unorderly

orderly

[awr-der-lee]
adjective
1.
arranged or disposed in a neat, tidy manner or in a regular sequence: an orderly desk.
2.
observant of or governed by system or method, as persons or the mind.
3.
characterized by or observant of law, rule, or discipline; well-behaved; law-abiding: an orderly assemblage of citizens.
4.
pertaining to or charged with the communication or execution of orders.
adverb
5.
methodically; regularly.
6.
according to established order or rule.
noun, plural orderlies.
7.
Military. an enlisted soldier assigned to perform various chores for a commanding officer or group of officers.
8.
a hospital attendant having general, nonmedical duties.

Origin:
1470–80 as adv.; 1570–80 as adj.; 1795–1805 as noun; order + -ly

orderliness, noun
unorderly, adjective


1,2. Orderly methodical systematic characterize that which is neat, in order, and planned. These three words are sometimes used interchangeably. However, orderly emphasizes neatness of arrangement: an orderly array of books. Methodical suggests a logical plan, a definite order of actions or method from beginning to end: a methodical examination. Systematic suggests thoroughness, an extensive and detailed plan, together with regularity of action: a systematic review.


1. chaotic, disorderly, haphazard.
Dictionary.com Unabridged
Based on the Random House Dictionary, © Random House, Inc. 2014.
Cite This Source Link To unorderly
Collins
World English Dictionary
orderly (ˈɔːdəlɪ)
 
adj
1.  in order, properly arranged, or tidy
2.  obeying or appreciating method, system, and arrangement
3.  harmonious or peaceful
4.  military of or relating to orders: an orderly book
 
adv
5.  rare according to custom or rule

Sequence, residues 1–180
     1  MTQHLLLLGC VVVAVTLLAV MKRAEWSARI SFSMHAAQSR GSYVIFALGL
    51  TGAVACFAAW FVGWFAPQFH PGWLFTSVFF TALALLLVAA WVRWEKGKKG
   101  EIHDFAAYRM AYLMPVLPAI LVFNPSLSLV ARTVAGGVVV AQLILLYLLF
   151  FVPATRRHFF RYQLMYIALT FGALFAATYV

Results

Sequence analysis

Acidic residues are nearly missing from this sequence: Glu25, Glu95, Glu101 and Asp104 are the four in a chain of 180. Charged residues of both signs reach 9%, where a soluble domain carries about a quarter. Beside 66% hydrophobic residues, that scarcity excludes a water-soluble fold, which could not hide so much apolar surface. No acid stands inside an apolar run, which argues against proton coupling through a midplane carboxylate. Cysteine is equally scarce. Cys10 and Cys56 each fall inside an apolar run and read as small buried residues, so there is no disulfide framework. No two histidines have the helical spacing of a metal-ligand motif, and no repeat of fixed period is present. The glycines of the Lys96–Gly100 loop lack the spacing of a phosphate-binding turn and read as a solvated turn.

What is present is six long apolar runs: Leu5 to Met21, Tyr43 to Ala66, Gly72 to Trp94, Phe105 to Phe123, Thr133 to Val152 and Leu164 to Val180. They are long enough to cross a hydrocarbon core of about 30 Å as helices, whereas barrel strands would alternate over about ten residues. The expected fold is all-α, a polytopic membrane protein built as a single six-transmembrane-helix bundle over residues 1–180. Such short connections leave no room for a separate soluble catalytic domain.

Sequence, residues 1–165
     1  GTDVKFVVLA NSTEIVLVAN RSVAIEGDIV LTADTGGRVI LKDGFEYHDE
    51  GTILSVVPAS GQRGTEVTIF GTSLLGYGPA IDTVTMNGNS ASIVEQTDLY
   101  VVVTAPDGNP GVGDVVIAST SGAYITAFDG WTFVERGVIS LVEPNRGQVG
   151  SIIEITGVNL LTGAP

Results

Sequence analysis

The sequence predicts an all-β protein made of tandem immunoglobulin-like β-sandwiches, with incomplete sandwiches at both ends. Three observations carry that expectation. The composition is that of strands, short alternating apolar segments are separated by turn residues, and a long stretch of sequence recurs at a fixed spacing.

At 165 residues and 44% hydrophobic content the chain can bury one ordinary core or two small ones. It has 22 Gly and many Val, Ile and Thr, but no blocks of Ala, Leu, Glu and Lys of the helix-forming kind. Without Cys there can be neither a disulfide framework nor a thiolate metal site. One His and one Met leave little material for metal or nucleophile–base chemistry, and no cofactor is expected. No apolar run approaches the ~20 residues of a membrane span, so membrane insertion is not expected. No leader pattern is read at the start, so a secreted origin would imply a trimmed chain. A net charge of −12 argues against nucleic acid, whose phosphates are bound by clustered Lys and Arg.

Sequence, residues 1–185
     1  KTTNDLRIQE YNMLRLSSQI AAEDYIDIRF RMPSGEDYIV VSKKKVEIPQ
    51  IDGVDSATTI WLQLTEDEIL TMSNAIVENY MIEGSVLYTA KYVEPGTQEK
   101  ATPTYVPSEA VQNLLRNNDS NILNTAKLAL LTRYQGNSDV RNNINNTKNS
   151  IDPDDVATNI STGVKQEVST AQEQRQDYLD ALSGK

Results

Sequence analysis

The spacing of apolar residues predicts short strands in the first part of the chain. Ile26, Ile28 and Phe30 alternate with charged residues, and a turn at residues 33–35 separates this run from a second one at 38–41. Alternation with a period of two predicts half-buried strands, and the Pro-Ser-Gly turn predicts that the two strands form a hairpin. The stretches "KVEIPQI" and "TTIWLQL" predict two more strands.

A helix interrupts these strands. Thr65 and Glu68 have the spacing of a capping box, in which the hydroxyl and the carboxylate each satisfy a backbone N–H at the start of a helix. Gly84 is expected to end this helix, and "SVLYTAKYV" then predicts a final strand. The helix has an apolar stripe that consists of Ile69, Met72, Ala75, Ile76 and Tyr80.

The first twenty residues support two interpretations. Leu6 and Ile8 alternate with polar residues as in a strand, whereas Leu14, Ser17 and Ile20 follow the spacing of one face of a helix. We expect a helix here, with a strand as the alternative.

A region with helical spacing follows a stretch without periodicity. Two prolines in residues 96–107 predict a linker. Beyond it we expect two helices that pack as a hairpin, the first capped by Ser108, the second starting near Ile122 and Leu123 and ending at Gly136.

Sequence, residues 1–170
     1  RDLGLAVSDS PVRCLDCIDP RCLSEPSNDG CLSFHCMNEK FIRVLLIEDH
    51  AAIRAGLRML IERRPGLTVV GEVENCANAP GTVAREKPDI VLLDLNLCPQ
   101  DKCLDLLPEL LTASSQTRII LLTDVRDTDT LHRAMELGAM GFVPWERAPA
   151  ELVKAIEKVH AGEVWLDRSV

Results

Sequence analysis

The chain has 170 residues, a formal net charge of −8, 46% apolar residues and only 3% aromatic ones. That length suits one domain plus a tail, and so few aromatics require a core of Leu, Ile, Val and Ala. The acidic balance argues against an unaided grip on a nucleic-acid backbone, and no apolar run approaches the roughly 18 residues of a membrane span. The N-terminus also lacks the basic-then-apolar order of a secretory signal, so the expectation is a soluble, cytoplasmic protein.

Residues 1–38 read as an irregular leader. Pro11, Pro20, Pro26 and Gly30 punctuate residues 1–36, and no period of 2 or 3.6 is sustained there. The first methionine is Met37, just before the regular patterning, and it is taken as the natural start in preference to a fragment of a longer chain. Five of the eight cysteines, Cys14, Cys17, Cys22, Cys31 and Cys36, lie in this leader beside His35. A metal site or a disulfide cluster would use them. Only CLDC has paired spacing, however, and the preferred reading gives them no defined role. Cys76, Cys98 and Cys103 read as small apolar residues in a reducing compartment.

n , -lies
6.  med a male hospital attendant
7.  military a junior rank detailed to carry orders or perform minor tasks for a more senior officer
 
'orderliness
 
n

Collins English Dictionary - Complete & Unabridged 10th Edition
2009 © William Collins Sons & Co. Ltd. 1979, 1986 © HarperCollins
Publishers 1998, 2000, 2003, 2005, 2006, 2007, 2009
Cite This Source
Etymonline
Word Origin & History

orderly
1477, "in due order," from order (q.v.). As a noun meaning "military attendant who carries orders" it is first attested 1781 (short for orderly corporal, etc.). Extended 1809 to an attendant at a hospital (originally a military hospital) charged with keeping things in order and clean.
Online Etymology Dictionary, © 2010 Douglas Harper
Cite This Source
American Heritage
Medical Dictionary

orderly or·der·ly (ôr'dər-lē)
n.
An attendant in a hospital.

The American Heritage® Stedman's Medical Dictionary
Copyright © 2002, 2001, 1995 by Houghton Mifflin Company. Published by Houghton Mifflin Company.
Cite This Source
Copyright © 2014 Dictionary.com, LLC. All rights reserved.
  • Please Login or Sign Up to use the Recent Searches feature